Some of the best ways to connect thoughtfully are methods considered “old news”, especially email lists. Once touted as a dying form of marketing, smart marketers and businesses are realizing that when done right it’s a great way to stay connected with your customers and community. Anyone who says that email is dead and social is where it’s at is asking for trouble. If the antitrust laws don’t throttle these platforms, their algorithms are surely not going to do you any favors–they’re only out for their own profit.
What does doing email “right” even mean? Doing it correctly means not spamming your subscribers, providing value and service in the content you share, and being mindful of how full their inbox is. Getting access to someone’s inbox is not a privilege we should take for granted.
I signed up for a seed distributor’s email list to get occasional coupons and see what’s new during different planting seasons. I don’t get their emails anymore because they sent a flashy promotion every. single. day. It was too much for me. Really, I only need to occasionally buy seeds or I’d need a machete to get into my backyard.
When I asked if there was a weekly wrap-up or less frequent option, they said no…I could only choose to get their daily emails because the promotions were good for one day only.
This is absurd. I’m offering them the chance to market to me, just at a lower frequency that I can manage. Instead, they’ve lost the opportunity to market to me at all. I can sign up again at any time if I really wanted their coupons that bad, and in the meantime, I am ripe for poaching by other companies.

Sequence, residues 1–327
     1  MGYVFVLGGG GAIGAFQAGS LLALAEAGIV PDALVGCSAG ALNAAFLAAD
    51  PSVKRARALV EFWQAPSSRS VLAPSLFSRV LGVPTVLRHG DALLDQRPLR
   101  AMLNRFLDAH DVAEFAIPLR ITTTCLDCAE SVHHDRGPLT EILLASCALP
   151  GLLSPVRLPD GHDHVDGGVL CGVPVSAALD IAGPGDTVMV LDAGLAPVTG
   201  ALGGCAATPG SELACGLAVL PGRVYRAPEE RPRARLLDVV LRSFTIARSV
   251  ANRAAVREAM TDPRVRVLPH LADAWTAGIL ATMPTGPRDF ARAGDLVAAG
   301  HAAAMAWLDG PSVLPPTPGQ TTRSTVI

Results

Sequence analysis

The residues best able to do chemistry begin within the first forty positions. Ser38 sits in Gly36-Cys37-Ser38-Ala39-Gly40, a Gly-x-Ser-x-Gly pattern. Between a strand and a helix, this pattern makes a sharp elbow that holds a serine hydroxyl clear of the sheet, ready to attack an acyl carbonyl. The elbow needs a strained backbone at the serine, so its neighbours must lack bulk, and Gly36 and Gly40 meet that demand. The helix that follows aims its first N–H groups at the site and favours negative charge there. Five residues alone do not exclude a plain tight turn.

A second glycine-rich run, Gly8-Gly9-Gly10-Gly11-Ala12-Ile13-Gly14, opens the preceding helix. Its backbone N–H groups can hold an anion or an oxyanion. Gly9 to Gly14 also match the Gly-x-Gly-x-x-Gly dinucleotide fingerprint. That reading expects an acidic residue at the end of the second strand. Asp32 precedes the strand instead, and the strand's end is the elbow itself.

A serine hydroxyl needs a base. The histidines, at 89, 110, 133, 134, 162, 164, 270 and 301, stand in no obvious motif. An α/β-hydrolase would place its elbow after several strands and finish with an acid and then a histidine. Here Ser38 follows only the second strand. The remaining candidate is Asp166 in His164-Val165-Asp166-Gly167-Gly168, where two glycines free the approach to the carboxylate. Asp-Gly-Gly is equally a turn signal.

Their behavior felt like they were announcing that their daily promotions were worth the hassle of deleting them every day. Guess what…they’re not. It felt like they were saying I should welcome the privilege of getting their coupons, which makes me like them less and I hate saying that because they do amazing stuff with open-pollinated and heirloom seeds.
Let’s face it, at the end of the day…to me, the customer, my happiness and my experience are the most important things to me when I consider interacting with a brand. I am my own #1! And guess what, all your customers are their own #1 as well (ok maybe their kids take #1 but they’re still top 3, but the marketing to someone with a kid thing is a riff for another day).
So ask yourself, is your marketing too aggressive for your target audience? Some audiences can handle a lot more, but come on…gardeners tend to be unplugged people. We want to get in the dirt, not sift through emails.
Know your people, and don’t be afraid to dial it back and meet people where they’re at. The last thing you should do is add more noise to the digital world, especially when your people are asking you explicitly for a bit less noise. (Seriously guys, if your customers ever ask to stay on your list at a lower frequency MAKE IT HAPPEN, that’s a gift to get that request and if one person asks hundreds more could be wishing the same or just unsubscribing and never saying a peep)
Let’s not let our marketing efforts be the thing that drives more humans to need a digital detox, that’s only going to make it harder to reach people at all in the long run.